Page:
But most of the times we want to make irregular cuts across the edges rather than the straight cuts. In such cases, using an efficient tile nipper is beneficial as the snap cutters can’t make the irregular cuts. Also, known as the nibbling tool, it can be used to make a half inch or an entire inch distant cuts from the edge by making the scoring lines. This tool is also used to make notches or tiny cutout. The best part about the nippers is that they are relatively chip ranging from $10-$25 based on their quality. However, the drawback of a tile nipper is that the cuts that are made using it are not as clean, unlike the rest two tools.
- To make a cut using the tile nipper, initially use a snap cutter for scoring the lines.
- After scoring, nibble the tile chips one by one slowly from the tile area that is to be removed.
- Removing larger bits will shatter the entire tile and therefore, patience is what you require while nibbling the tile away.
How to Cut a Ceramic tile using a Wet Saw:
The precision of tile cuts are made using the wet saw, but one has to be experienced to use the wet saw. Wet saws are largely available in different models, different sizes both for renting and owning. Therefore, find a prominent home improvement center or portal to purchase a budget priced wet saw which can be available for around $60. In case if you are looking for a wet saw that can handle the bulk job, get a professional one which costs around $500.
The tile saws come with pumps which squirt water on constant basis onto a sharp diamond blade. Inexpensive saws do not have any pumps but have the ability to keep the made submerged. It’s a mandatory to have a splash guard for the wet saw if you want to use it in the indoor environment with the help of scattered spray. However, using it outdoors is recommended because of the dust and splatter it delivers. In case if you want to make curvaceous cuts, employ a radial arm wet saw.
- To cut a tile with a wet saw, initially set it on a smooth surface. If the saw comes with a pump, put the pump in a pan and fill the pan with water.
- Test it and make sure it’s functional before proceeding to cut in a way that it supplies water stream to the diamond blade.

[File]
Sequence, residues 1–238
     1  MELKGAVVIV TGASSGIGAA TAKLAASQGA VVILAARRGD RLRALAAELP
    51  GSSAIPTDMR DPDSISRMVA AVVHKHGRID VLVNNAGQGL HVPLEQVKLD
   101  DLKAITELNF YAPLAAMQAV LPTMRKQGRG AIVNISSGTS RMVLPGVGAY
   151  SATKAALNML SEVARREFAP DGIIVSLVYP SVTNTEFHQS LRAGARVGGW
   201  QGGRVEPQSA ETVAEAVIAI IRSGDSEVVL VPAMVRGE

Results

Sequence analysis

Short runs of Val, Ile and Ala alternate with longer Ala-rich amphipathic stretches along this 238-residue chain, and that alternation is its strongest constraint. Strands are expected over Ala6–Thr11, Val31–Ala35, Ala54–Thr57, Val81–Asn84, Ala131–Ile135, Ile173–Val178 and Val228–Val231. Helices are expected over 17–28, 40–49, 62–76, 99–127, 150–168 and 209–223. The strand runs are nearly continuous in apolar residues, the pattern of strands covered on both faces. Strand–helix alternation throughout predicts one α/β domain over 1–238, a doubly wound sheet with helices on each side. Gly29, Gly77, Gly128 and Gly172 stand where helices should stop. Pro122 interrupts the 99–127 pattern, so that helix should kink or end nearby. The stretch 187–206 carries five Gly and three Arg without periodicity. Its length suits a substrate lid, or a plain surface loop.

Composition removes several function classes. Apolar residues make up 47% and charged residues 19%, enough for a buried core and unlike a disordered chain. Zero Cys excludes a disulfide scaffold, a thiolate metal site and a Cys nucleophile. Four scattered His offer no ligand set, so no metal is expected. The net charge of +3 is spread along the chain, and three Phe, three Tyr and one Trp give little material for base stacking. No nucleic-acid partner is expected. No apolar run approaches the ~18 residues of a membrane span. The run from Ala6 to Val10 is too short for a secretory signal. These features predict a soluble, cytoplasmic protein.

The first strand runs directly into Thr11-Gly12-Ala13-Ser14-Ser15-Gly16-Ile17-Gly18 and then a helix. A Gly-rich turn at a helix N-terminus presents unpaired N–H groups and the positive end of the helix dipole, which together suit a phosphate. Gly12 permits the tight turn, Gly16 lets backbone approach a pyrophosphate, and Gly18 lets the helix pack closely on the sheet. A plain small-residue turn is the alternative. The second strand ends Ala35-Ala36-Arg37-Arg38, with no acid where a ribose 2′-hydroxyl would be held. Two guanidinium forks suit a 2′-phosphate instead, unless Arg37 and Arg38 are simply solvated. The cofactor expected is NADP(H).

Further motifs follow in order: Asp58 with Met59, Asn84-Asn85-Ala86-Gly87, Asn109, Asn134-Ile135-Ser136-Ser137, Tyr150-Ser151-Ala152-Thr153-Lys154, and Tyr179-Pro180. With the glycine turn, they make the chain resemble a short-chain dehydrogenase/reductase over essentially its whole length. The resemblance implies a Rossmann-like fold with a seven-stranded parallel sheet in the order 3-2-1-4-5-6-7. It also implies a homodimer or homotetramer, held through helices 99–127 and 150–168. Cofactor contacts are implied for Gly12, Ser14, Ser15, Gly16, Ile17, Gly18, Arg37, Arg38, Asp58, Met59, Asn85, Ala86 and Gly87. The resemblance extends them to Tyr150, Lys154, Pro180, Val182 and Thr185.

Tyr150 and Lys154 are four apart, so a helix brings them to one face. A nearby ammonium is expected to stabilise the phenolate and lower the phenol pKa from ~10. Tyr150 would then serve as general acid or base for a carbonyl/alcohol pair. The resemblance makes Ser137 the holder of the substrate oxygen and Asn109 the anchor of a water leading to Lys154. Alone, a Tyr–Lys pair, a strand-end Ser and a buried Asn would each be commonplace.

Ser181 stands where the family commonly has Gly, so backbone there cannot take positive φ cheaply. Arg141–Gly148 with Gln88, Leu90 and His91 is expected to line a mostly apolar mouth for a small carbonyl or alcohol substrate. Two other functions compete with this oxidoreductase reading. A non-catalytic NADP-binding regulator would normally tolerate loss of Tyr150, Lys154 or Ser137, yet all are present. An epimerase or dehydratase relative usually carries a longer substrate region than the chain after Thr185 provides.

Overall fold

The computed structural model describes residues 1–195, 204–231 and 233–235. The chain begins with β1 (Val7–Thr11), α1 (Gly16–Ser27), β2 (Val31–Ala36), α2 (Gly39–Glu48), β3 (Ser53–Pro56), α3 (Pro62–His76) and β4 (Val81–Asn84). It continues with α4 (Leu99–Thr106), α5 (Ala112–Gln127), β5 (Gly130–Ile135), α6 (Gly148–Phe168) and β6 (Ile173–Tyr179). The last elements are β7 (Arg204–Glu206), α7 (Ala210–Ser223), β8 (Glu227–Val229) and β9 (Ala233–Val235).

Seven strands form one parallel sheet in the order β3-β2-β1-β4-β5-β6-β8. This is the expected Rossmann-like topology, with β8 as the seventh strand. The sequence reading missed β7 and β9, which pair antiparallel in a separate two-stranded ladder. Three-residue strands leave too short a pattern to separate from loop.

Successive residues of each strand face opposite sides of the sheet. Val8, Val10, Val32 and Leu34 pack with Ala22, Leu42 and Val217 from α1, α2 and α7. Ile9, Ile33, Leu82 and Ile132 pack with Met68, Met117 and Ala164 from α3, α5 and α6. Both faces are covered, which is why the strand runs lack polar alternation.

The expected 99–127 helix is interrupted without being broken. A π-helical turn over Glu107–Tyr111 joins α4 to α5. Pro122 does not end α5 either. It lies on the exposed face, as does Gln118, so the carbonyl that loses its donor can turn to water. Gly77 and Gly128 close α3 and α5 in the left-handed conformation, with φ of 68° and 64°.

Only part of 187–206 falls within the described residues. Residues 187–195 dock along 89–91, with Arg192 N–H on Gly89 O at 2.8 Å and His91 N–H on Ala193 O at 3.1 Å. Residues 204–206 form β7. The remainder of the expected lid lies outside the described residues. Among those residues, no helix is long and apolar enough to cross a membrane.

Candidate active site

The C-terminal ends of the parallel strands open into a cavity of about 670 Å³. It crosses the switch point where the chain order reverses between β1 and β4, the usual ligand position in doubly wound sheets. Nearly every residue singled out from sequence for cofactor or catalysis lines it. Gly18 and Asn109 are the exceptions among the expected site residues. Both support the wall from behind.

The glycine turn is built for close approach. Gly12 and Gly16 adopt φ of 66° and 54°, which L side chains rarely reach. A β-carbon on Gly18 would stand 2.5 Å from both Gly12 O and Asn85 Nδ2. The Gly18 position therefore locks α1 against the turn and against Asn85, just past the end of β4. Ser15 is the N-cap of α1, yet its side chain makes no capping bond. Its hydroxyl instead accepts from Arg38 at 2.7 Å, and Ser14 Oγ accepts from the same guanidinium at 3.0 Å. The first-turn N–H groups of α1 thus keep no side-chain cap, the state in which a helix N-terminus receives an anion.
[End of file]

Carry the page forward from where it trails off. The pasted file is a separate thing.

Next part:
- If your saw doesn’t have a pump, fill the pan to a certain level such that the blade stays submerged in water and keep filling the water after every 20 cuts.
- Now, take a marker and mark the tile on the surface in the shape you want to make a cut.
- To make straight lines, place the tile on the tray pulled away from the diamond blade. Turn on the saw, hold the tile rigidly against the tray, slide it and let the blade cut the tile.
- To make angle cuts, switch to the protractor like mode and cut notches by making small and parallel cuts that are around 1/4 inch distant. Take a tile nipper and finish the work by nibbling the chips away.
Cutting tiles is only difficult if you cannot get through the glaze. The tool needs to be a proprietary tool to do this and it is no good trying to make do with all sorts of things you have found in the garage. As with most, if not all building work, the money spent on decent equipment will save you a fortune in wasted materials, time and things you have broken in temper.
Ceramic tile work is really not too hard. You don’t need expensive tools for the most part and the job can often be finished in one or two days. To get great results you must be able to measure accurately AND have decent hand-eye coordination. If you are sloppy, you better hire a pro. Using any of the above three methods, you can succeed in cutting ceramic tile without any obstacles. Based on your requirements, budget and also the type of cut you want to make, use a suitable tool and make a ceramic tile cut. If you have any doubts regarding the usage of any tool, approach in the comment section for further guidance.